The History of Surrealism
Belknap Press of Harvard University Press, 1989 - 351 pagina's
"I believe," André Breton said, "in the future resolution of the states of dream and reality--in appearance so contradictory--in a sort of absolute reality, or surréalité." The Surrealist movement, born in the 1920s out of the ferment of Dada, committed to revolution against bourgeois rationalism, and inspired by Freudian exploration of the unconscious, has reverberated more widely and deeply than perhaps any other art movement in our century. Its automatism, biomorphic shapes, visionary mode, and manipulation of found objects mark the work of artists as different as Ernst, Miró, Magritte, and Dali.
Maurice Nadeau's History of Surrealism, first published in French in 1944 and in English in 1965, has become a classic. It is both lucid and authoritative--by far the best overall account of this complex movement. Nadeau traces the evolution of Surrealism, bringing to life its many internal debates about politics and art. He relates the movement to its intellectual and artistic environment. And he provides the statements and manifestos of Breton, Aragon, Tzara, and others.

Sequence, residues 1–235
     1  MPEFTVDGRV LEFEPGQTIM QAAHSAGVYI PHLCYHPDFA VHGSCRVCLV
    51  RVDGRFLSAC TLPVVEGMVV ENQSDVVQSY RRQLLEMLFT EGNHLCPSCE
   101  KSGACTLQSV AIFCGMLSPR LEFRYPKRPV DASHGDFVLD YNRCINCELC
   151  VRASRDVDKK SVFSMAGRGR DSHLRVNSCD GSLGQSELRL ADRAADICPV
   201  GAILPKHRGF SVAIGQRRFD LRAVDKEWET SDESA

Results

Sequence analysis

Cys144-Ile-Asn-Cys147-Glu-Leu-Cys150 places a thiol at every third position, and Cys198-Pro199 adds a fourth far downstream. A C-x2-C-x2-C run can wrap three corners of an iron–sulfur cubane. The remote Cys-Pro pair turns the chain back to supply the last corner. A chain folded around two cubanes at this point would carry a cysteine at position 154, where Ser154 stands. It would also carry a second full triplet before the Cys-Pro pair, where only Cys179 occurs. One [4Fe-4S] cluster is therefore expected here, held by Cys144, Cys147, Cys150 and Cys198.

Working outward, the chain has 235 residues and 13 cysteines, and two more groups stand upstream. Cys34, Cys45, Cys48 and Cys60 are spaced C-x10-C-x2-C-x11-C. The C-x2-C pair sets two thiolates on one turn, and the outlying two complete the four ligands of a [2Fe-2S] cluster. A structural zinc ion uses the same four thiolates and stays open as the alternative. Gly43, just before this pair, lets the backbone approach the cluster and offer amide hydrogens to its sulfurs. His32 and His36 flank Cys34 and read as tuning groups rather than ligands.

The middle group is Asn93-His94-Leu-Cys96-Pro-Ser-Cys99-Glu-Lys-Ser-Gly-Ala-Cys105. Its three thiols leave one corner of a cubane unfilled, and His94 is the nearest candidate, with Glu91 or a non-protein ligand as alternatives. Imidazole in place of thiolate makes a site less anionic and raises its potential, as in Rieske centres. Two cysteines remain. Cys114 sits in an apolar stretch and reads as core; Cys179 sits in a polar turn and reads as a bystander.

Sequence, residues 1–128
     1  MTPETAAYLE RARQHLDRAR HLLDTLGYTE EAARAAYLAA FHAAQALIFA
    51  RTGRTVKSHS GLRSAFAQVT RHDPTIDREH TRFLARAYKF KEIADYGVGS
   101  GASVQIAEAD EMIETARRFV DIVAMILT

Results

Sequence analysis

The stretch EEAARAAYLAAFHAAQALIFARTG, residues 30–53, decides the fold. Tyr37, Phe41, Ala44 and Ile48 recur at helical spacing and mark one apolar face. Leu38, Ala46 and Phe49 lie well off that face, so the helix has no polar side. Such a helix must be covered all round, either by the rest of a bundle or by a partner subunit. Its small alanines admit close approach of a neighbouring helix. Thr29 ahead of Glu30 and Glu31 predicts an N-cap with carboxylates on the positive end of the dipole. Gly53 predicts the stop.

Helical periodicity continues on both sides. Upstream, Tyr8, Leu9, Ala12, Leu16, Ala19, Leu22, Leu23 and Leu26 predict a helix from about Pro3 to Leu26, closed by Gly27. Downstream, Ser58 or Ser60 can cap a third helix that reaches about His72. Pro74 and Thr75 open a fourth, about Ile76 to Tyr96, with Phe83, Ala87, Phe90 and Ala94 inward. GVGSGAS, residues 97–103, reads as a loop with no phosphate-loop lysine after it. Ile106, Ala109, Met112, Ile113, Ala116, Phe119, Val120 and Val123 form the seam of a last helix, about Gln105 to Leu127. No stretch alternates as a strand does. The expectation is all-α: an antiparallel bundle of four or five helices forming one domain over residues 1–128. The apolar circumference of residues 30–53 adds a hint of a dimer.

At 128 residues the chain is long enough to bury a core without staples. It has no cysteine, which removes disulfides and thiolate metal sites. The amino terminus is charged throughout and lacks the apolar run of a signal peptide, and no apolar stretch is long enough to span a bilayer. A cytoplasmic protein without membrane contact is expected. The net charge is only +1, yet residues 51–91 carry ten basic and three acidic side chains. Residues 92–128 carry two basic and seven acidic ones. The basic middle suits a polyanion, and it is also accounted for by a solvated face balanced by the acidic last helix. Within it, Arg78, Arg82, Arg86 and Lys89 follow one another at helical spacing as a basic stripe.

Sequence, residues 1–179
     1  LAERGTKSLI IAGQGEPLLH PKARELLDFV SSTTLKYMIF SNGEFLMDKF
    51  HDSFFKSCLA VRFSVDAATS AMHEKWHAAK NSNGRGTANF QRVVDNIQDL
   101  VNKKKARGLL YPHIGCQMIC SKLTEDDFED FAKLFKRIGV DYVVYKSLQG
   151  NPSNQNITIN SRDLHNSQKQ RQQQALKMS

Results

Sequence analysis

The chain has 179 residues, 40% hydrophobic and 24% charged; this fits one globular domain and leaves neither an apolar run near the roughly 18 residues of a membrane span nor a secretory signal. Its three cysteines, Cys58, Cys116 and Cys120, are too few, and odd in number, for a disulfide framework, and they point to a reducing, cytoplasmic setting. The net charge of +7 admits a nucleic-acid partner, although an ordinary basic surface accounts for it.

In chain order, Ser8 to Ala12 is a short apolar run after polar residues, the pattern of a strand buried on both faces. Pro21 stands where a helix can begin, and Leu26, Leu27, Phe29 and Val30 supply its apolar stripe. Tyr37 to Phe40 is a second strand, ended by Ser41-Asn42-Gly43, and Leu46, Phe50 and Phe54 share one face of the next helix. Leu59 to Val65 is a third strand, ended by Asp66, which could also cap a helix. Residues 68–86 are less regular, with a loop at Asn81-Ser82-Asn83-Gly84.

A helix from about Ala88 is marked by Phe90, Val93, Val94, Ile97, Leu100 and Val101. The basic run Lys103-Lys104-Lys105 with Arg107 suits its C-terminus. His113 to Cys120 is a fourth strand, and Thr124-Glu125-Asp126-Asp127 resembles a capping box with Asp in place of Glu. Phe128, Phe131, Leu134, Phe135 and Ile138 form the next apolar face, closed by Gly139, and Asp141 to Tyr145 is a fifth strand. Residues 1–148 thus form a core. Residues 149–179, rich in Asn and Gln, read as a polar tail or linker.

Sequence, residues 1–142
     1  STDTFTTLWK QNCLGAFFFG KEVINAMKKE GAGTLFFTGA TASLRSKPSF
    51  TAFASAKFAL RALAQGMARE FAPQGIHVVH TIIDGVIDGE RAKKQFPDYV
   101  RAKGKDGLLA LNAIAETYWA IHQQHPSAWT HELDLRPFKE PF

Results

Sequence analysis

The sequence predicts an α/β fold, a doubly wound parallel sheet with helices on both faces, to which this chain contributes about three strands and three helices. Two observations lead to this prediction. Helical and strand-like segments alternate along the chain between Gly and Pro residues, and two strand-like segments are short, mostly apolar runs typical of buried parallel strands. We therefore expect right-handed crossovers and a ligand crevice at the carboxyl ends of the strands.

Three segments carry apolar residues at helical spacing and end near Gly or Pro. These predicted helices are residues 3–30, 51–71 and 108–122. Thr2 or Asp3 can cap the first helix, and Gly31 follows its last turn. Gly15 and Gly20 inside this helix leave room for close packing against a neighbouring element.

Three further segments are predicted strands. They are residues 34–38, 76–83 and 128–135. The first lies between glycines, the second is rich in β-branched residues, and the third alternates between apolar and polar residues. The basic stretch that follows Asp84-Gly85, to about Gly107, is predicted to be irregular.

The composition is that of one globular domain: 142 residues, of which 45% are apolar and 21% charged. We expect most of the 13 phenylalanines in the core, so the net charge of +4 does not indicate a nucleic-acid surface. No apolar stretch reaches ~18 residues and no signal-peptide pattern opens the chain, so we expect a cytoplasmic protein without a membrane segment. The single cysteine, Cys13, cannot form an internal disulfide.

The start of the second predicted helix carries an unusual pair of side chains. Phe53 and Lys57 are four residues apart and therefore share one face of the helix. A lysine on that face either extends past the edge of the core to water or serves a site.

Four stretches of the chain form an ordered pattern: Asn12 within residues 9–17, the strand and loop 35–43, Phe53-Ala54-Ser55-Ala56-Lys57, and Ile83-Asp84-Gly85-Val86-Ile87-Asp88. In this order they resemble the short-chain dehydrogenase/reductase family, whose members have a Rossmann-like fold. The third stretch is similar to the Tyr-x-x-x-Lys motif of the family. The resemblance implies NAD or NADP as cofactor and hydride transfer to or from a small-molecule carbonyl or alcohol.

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There were, of course, living men in France: Apollinaire (who, having requested
front-line service, was now with them, but in a somewhat different frame of mind),
Picasso whom they revered, Henri Matisse, Marie Laurencin, Max Jacob, the ...
Still, the letters he sent to his friends, and which everyone may now read, go far in
the direction of the task Dada has assigned itself: We care for neither art nor
artists (down with Apollinaire) . . . we ignore Mallarme, without hatred, but he's
THE SURREALIST MANIFESTO When you're dry, Apollinaire used to advise his
friends, write anything, any sentence, and forge straight ahead. — andre billy,
Apollinaire vivant. We have already discussed Breton's generating ideas closely
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LIST OF ILLUSTRATIONS
foreword Maurice Nadeau
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